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Senator sees need for permanent timber policies fix
U.S. Sen. Jeff Merkley stopped in La Grande on his way to Wallowa County on Wednesday, meeting with the Observer’s editorial board and making comments on issues of local and national importance.
Merkley (D-Portland) said he and colleagues including Sen. Ron Wyden (D-Portland) and U.S. Rep. Greg Walden (R-Hood River) continue the fight for an extension of the Secure Rural Schools and Community Self Determination Act.
The bill, also known as the county payments bill, is due to sunset, taking away large chunks of federal revenue from timber-dependent counties.
Union County, for example, would lose about $650,000 of funds for roads and schools this year if the bill is not renewed.
Merkley said he and others have managed to get an amendment extending county payments into the federal transportation bill now being considered for passage. He said the extension represents a “bridge to next year.”
“I think if we can get the transportation bill passed it (county payments) will stay in. It’s only a one-year bridge that gets us to the point where hopefully the economy is better,” he said.
Merkley added, though, that he sees a need for a permanent fix for federal government policies on timber harvest and forest health.
“The hope is we will have a different framework for the future. Failure to have a sustainable harvest plan is good if you like diseased forests,” he said.
Merkley also talked about the Wallowa-Whitman National Forest’s Travel Management Plan that was pulled this spring following a firestorm of protest.
He said he believes Forest Supervisor Monica Schwalbach did the right thing in withdrawing the plan pending more pubic comment.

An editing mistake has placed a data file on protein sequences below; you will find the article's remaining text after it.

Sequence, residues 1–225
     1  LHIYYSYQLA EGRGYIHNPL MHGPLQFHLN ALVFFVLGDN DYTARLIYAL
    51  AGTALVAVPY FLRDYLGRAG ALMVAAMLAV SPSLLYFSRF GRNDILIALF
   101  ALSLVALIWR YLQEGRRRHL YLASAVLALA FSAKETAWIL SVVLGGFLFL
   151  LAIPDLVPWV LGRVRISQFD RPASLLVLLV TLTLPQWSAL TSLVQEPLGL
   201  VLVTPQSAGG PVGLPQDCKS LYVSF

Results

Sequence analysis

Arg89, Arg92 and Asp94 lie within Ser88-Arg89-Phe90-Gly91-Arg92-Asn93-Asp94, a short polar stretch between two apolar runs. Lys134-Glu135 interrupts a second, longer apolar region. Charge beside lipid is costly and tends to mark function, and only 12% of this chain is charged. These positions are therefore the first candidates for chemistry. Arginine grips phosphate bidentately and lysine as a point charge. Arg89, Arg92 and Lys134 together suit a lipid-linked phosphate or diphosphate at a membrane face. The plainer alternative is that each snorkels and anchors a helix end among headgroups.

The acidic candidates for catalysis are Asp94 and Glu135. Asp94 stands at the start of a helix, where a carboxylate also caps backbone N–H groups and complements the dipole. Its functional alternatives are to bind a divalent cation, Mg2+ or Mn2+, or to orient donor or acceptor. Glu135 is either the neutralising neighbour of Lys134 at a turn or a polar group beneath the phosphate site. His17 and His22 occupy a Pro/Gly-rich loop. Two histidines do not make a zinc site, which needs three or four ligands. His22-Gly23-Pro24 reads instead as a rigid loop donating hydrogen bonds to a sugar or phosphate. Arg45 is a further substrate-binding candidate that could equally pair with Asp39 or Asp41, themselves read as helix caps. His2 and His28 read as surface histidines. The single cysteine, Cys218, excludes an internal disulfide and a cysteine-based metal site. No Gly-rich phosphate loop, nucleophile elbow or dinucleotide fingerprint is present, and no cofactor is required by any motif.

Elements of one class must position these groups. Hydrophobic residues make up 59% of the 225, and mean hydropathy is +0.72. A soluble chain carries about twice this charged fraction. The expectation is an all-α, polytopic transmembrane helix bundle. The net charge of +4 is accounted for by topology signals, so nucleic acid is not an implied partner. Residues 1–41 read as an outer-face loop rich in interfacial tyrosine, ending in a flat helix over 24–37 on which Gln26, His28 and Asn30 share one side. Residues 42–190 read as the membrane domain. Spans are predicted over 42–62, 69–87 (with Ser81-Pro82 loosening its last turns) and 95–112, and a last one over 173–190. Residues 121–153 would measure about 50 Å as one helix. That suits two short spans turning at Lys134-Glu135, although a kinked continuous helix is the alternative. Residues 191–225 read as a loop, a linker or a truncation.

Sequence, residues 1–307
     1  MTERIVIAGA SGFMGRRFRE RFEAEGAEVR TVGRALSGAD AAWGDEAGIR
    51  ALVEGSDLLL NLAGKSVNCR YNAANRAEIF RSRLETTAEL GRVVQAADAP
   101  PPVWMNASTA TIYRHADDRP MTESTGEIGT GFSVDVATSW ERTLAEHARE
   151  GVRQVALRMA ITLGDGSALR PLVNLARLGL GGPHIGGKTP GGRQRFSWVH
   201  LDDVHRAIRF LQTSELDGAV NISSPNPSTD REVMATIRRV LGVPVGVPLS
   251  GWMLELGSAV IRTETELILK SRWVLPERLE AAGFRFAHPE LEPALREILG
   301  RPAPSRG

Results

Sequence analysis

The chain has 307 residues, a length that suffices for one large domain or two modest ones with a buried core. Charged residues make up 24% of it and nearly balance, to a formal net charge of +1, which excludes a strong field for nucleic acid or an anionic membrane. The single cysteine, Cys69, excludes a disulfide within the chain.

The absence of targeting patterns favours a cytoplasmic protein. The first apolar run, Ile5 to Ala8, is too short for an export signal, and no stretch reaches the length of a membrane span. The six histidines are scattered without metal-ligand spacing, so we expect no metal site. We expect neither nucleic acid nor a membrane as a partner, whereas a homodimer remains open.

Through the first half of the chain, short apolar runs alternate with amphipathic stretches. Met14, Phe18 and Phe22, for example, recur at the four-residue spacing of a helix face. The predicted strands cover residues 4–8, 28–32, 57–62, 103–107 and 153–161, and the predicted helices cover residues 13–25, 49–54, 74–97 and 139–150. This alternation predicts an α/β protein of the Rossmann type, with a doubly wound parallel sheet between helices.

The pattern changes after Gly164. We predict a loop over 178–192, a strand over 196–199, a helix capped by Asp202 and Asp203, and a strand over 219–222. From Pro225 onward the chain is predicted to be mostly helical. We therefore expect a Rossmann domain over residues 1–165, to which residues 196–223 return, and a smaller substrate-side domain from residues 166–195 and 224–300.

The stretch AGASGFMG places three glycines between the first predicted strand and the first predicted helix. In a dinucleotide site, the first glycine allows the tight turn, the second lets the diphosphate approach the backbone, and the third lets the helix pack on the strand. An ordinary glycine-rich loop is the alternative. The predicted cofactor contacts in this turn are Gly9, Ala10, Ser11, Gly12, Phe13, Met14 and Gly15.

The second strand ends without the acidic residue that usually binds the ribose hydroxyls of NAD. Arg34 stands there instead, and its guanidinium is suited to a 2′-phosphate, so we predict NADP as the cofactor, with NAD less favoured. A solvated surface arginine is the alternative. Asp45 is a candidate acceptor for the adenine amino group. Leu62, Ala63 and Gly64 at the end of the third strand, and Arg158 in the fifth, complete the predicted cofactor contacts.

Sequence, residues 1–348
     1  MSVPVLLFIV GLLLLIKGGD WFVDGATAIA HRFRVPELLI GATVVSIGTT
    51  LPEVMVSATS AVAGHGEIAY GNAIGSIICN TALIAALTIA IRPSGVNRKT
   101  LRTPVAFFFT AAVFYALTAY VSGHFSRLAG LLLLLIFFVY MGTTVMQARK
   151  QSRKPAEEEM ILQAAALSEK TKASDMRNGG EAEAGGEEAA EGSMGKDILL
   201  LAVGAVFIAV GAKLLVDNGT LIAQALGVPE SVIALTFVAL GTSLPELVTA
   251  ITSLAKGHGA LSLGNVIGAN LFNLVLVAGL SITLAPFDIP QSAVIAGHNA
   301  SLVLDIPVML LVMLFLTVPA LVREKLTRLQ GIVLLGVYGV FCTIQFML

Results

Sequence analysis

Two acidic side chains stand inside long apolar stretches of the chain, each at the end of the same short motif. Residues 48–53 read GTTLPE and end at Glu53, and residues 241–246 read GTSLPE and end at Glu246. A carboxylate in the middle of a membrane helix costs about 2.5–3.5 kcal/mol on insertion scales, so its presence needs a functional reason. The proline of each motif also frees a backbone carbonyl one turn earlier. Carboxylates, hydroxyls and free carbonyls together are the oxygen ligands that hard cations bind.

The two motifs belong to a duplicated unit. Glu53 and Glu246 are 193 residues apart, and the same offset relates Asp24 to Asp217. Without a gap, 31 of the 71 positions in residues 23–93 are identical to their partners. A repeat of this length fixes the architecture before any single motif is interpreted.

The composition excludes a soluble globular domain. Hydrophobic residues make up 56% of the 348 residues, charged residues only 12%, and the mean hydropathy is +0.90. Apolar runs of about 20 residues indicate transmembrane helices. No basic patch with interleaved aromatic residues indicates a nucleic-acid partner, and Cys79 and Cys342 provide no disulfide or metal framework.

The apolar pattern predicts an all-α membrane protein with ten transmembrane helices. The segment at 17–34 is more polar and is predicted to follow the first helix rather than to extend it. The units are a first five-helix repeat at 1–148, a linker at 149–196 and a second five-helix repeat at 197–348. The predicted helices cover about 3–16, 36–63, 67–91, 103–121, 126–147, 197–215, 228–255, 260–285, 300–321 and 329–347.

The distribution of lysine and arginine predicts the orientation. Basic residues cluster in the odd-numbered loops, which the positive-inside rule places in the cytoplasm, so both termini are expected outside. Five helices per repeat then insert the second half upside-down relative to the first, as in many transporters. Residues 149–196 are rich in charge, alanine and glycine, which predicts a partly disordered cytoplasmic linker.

“I held town halls and I communicated the concerns I heard to the Forest Service,” Merkley said. “I think Monica got the message that the process was flawed and we need to go back to the drawing board. I think pressing the reset button was very helpful.”
In 2005, the federal government’s Travel Management Rule was developed to establish consistency about where and when motorized vehicle use is permissible on national forests, and to resolve user and resource issue conflicts. The Wallowa-Whitman plan was written as a requirement of the rule.
Environmental concerns, including the La Grande-based Hells Canyon Preservation Council, wanted more road closures, saying there’s a need to improve fish and game habitat and increase roadless recreational opportunities.
But other groups and individuals said closures proposed in the local plan unfairly restricted a host of traditional activities including camping, hiking, berry-picking, woodcutting, all-terrain vehicle-riding and more.
Hundreds of local people registered strong objections about closures included in the plan.
“I think the Forest Service was caught off guard by the amount of concern raised about the traditional uses,” Merkley said.
On a national issue, Merkley talked about the need for tighter regulation of the oil industry, and the need for energy independence.
“We’re spending more than $1 billion a year on overseas oil,” he said.
He said he is frustrated by the lack of movement on regulatory proposals that could bring energy costs down.
“The question is, how do you get the regulator to act when he won’t do what you’ve laid out for him?” he said.
The senator said he looks forward to a future where vehicles are more energy efficient, travel options are increased and infrastructure is improved, and alternative transportation fuels are developed.
Also during his visit, Merkley talked about ways the national debt can be reduced. An end to the war in Afghanistan would be a good start, he said.
“We’re spending $120 billion a year on the war. We could take one third of that and spend it on deficit reduction, a third for infrastructure and a third for education. It would be a big help,” he said.
He added he would like to see certain tax loopholes closed and the money spent on those three things also.
Merkley also talked about reform of congressional rules related to the filibuster. He said the minority in Congress is increasingly using filibuster to force super-majority votes.
“Before, the Senate operated on a simple majority. Very few times did someone object to a simple majority vote,” Merkley said. “With super majority, you take the path of the minority rather than the wisdom of the majority,” he said.